Carbamate pesticides, such as aldicarb, carbofuran, and ziram, are another class of chemical pesticides that have been associated with endocrine-disrupting activity (10, 93), possible reproductive disorders (63, 93), and effects on cellular metabolic mechanisms and mitochondrial function (54). Moreover, in vitro studies have revealed the ability of carbamate pesticides to cause cytotoxic and genotoxic effects in hamster ovarian cells (94) and to induce apoptosis and necrosis in human immune cells (95), natural killer cells (96, 97), and also apoptosis in T lymphocytes (98).
Furthermore, it has been confirmed that carbaryl, which belongs to the category of carbamate pesticides, can act as a ligand for the hepatic aryl hydrocarbon receptor, a transcription factor involved in the mechanism of dioxin toxicity (99). There is also evidence for the ability of carbamate pesticides to cause neurobehavioral effects (65, 100), increased risk for dementia (67), and non-Hodgkin’s lymphoma (101).
Other Classes of Chemical Pesticides
Triazines, such as atrazine, simazine, and ametryn, are another class of chemical pesticides that have been related to endocrine-disrupting effects and reproductive toxicity (10, 102, 103). Moreover, it was found that there is a possible statistical relationship between triazine herbicides and breast cancer incidence (104). Atrazine is the most known of the triazines, and it is a very widely used herbicide that has been associated with oxidative stress (103), cytotoxicity (105, 106), and dopaminergic effects (107, 108). Furthermore, the exposure of experimental animals to atrazine has been associated with reproductive toxicity (109) and delays in sexual maturation (110).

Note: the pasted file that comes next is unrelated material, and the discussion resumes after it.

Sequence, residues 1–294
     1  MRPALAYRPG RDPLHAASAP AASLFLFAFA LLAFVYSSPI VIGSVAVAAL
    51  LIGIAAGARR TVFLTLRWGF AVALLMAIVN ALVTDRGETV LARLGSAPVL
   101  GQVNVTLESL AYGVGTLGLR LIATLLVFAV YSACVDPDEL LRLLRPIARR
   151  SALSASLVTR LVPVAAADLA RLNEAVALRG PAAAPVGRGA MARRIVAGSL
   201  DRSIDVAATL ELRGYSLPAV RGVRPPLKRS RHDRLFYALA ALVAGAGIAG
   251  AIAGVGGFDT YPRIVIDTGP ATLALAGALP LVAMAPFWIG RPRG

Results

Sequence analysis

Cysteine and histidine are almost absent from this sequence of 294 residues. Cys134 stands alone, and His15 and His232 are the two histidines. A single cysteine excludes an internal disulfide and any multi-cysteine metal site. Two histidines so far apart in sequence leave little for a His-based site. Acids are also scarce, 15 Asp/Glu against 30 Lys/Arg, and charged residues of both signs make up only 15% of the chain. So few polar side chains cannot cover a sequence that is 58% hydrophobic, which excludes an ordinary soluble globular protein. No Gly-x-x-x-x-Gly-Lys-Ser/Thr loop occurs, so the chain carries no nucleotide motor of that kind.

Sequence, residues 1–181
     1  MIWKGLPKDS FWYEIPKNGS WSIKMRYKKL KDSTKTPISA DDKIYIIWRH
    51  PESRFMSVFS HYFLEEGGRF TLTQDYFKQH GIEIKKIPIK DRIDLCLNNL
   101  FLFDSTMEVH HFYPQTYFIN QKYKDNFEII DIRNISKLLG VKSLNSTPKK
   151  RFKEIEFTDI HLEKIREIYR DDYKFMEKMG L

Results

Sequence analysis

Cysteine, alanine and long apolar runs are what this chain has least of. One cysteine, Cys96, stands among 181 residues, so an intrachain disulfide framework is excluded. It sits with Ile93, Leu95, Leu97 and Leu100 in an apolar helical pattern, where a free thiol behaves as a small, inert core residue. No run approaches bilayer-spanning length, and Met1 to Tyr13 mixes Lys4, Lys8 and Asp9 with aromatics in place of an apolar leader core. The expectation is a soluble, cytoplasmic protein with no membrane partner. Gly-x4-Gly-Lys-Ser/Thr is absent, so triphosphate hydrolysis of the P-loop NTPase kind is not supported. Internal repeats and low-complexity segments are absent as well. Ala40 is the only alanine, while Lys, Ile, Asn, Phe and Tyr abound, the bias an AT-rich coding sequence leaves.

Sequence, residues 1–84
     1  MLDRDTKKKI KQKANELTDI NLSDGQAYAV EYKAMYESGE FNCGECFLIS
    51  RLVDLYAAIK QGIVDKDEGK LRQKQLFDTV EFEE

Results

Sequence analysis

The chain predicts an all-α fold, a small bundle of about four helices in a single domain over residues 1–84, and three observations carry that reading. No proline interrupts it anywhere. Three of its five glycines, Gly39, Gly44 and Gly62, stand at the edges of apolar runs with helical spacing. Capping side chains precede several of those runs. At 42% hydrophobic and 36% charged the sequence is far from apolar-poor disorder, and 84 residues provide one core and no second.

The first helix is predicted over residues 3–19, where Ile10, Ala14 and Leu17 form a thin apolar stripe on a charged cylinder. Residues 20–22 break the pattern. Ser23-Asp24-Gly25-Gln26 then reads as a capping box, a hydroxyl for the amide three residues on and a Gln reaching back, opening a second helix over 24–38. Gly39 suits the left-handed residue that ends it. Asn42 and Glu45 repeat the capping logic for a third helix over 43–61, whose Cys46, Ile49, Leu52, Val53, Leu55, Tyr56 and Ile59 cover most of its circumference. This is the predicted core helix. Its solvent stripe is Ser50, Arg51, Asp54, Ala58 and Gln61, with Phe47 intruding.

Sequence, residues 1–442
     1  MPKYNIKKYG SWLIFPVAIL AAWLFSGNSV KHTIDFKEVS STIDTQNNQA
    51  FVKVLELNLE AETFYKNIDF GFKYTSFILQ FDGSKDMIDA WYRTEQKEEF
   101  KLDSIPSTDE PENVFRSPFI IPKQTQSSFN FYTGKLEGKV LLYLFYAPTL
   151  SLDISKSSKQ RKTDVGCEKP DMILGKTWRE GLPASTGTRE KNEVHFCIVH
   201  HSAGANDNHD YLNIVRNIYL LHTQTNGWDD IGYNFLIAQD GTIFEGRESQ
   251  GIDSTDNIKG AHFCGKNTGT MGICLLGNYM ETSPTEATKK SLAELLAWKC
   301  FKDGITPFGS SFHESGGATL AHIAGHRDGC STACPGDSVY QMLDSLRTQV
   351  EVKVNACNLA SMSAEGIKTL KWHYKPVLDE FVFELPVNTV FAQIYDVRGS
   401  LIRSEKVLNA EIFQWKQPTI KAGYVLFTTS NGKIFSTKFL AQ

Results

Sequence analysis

Synthetic pyrethroids, such as fenvalerate, permethrin, and sumithrin, are considered to be among the safer insecticides currently available for agricultural and public health purposes (111, 112). However, there is evidence for their ability to display endocrine-disrupting activity (10, 113–115), and to affect reproductive parameters in experimental animals including reproductive behavior (114, 116). Furthermore, a recent study related more than one pyrethroid metabolite to DNA damages in human sperm, raising concerns about possible negative effects on human reproductive health (117). It should also be mentioned that there are also concerns about their possible ability to display developmental neurotoxicity (25, 118, 119).
Neonicotinoid pesticides, such as imidacloprid, thiacloprid, and guadipyr, are relatively new and also the most extensively used insecticides (120) that were promoted for their low risk for non-target organisms (121). However, there is plenty of evidence to the contrary (115, 122–125); their effect on bees is a common example (124, 125). There is also evidence for possible effects on the endocrine and reproductive systems of animals (115, 126, 127). Moreover, a recent study demonstrated that neonicotinoids are able to increase the expression of the enzyme aromatase, which is engaged in breast cancer and also plays an important role during developmental periods (128).